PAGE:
“Time and change. That's all a man has in this world!” Russ yelled as he stormed the house looking for his watch. “Hmph!”
Home from the store, Sally strolled into the dining room. Glaring at Karen standing against the wall, she gasped “Jeanie! What have you done to your hair? And your clothes?”
Karen stared at the middle-aged woman. Fascinated by her smooth, rosy face and her brunette hair tied in a French knot, she thought, Grandma? Oh my, what a pretty woman.
“March right upstairs and change into something decent,” Sally instructed. She told her granddaughter that when she returned she could see the new wallpaper that she had ordered from F. S. Washburn. At first Karen froze. But when she noticed her grandmother's face grow stern, she hustled from the room.
“Darn time and change,” Russ said as he peeked inside the glass covered sconces. He stared at his wife and laughed. “I just don't know Sally. I guess it's been one of those weeks.” Sally smirked at him.
“Don't tell me you've lost your watch again,” she asked in jest.
“Sally, I have a business meeting,” Russ replied. “I don't have time for nonsense.”
Dressed in a pink sweater, and a gray corduroy skirt, Karen returned to the dining room. She noticed her grandmother standing on a chair tearing the old paper. With a quick yank, a large piece of zinnia-laden paper fell to the floor.
“What did we agree on?” Sally yelled to her husband who had left the room in haste. “That you'd put your watch in one certain place.”
Karen spied the crack in the wall, and silently encouraged her grandmother to expose it. C'mon! she thought as she clenched her fists. I have got to get out of here!
Sally turned to Karen and explained that she'd be back in a minute. “We agreed that he'd leave his watch and change on the mantelpiece,” the older woman murmured as she strolled over to the wooden ledge. Peering behind the crystal candleholders, the woman lifted a gold pocket watch. “Here it is,” she whispered to Karen as she strolled from the room.
Time and change, Karen thought as she remembered the garbled words. “That's it!” She grabbed the watch, and stood in front of the opening in the wall. “Please get me out of here!” she muttered. At once the plaster opened up, and Karen leaped through the hole, twisting her ankle as she did.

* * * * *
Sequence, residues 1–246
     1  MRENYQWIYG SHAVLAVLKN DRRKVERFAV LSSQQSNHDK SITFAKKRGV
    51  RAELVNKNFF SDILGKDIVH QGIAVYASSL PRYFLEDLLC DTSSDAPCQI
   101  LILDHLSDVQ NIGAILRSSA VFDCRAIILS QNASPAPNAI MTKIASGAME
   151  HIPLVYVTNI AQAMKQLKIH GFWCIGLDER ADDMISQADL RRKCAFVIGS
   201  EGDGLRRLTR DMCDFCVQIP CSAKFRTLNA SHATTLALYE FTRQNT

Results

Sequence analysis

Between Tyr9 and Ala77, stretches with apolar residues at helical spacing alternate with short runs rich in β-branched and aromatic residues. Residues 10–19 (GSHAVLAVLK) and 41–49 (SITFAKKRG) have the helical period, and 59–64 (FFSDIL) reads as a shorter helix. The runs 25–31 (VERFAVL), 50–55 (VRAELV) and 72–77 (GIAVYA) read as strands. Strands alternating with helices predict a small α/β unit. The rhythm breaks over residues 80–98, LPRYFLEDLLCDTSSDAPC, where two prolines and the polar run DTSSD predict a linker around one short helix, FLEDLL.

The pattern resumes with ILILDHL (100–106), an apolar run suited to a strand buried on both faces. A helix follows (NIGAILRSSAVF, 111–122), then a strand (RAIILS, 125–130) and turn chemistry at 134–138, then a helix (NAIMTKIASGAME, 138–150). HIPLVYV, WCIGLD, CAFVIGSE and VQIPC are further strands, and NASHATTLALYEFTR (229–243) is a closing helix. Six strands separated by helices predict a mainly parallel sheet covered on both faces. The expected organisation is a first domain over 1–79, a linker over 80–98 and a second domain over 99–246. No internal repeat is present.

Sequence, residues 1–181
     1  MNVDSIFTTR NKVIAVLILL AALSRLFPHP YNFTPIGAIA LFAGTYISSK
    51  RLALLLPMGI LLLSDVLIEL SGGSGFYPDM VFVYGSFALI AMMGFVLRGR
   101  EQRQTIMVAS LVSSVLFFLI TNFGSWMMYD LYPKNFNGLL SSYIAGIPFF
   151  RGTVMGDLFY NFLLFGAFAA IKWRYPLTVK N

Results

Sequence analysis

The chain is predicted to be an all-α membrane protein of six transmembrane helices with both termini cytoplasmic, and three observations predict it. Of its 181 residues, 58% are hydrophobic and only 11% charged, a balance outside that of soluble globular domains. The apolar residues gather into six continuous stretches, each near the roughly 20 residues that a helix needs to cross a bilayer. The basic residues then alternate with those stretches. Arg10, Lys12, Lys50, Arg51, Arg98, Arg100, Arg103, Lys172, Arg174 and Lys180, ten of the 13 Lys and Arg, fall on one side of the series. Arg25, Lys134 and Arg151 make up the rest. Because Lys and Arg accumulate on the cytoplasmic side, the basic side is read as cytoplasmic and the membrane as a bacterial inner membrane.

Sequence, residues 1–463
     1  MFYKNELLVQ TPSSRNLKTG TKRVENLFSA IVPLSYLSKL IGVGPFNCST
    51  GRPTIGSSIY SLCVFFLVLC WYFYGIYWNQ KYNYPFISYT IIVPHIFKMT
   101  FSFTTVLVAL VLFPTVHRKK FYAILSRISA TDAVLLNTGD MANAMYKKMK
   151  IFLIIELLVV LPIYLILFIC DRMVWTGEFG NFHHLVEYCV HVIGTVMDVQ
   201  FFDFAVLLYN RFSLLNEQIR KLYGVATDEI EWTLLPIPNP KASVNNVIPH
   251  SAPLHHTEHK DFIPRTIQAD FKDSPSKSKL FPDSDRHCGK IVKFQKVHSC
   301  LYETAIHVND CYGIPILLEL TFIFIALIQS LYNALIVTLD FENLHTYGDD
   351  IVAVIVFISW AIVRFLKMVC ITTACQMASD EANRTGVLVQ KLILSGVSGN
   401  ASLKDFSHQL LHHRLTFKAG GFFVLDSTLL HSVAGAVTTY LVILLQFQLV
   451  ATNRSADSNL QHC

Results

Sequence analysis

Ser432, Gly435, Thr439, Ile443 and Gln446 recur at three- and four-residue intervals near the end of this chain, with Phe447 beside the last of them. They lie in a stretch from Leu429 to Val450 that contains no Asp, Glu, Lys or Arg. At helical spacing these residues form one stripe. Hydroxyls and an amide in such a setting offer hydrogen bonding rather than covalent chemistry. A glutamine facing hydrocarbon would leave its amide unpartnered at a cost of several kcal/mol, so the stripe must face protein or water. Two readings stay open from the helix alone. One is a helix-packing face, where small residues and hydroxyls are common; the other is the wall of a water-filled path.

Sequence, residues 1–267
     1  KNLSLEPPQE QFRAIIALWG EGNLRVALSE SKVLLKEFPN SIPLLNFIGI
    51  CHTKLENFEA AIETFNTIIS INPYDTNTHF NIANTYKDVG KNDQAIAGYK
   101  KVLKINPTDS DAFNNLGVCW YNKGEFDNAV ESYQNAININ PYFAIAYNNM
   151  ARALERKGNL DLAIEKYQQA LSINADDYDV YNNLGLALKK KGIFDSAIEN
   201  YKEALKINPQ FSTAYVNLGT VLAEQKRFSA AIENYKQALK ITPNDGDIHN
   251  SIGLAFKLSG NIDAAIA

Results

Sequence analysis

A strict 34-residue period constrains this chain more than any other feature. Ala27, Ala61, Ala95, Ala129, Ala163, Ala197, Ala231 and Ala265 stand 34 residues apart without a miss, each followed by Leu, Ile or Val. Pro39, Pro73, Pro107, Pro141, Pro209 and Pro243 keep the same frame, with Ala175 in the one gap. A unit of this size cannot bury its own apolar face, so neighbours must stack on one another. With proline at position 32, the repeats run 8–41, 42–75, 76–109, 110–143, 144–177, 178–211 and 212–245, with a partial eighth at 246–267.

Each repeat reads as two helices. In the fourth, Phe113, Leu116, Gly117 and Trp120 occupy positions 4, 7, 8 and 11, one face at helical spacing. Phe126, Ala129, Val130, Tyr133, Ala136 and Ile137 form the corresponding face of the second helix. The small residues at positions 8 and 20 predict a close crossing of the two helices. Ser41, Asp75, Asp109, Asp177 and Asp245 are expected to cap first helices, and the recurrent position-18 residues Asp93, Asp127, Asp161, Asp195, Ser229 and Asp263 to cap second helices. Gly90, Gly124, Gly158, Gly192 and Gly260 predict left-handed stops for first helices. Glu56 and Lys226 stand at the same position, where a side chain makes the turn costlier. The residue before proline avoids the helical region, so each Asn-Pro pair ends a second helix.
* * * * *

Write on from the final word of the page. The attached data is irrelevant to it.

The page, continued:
Karen limped her way back to the pasture. Gratefully she noticed the zinnia field. But she hadn't been grateful for her bobby sox and three quarter length skirt. Perhaps at some other time, like a Halloween party, she thought. The tall, wiry grass chafed her legs. It seemed like hours before she found the wall. Its back to her, the wall had been void of a crack.
“Time and change,” she cried. “I've had enough change.” Tears welled up in her eyes as the barrier began to open.
Back in the nineteen-ninety style home, Karen rushed to see her grandfather. The old man slept in the overstuffed chair. Karen touched the sleeve of his navy sweater. “Grandpa,” she whispered. “I found your watch.”
Blue eyes opening, Russ glanced at his granddaughter as he opened his hand. “Timen chain,” he said. Crinkled eyelids half closed, he stared at Karen. “You look just like your mother.”
Placing the watch in his cold hand, she replied, “Yes Grandpa, I know.” He leaned forward to kiss her on the cheek.
A resident of Cape Cod, MA., Georgia Browne completed her BA in Writing. Currently, Georgia is working towards her MA..
Her first short story, "The Couch," won the Hemingway Resource Center's fall contest. Along with her second short story, "Salt and Pepper," it may be viewed on-line at "Panic Attack Magazine." Presently Miss Browne is working on her first novel.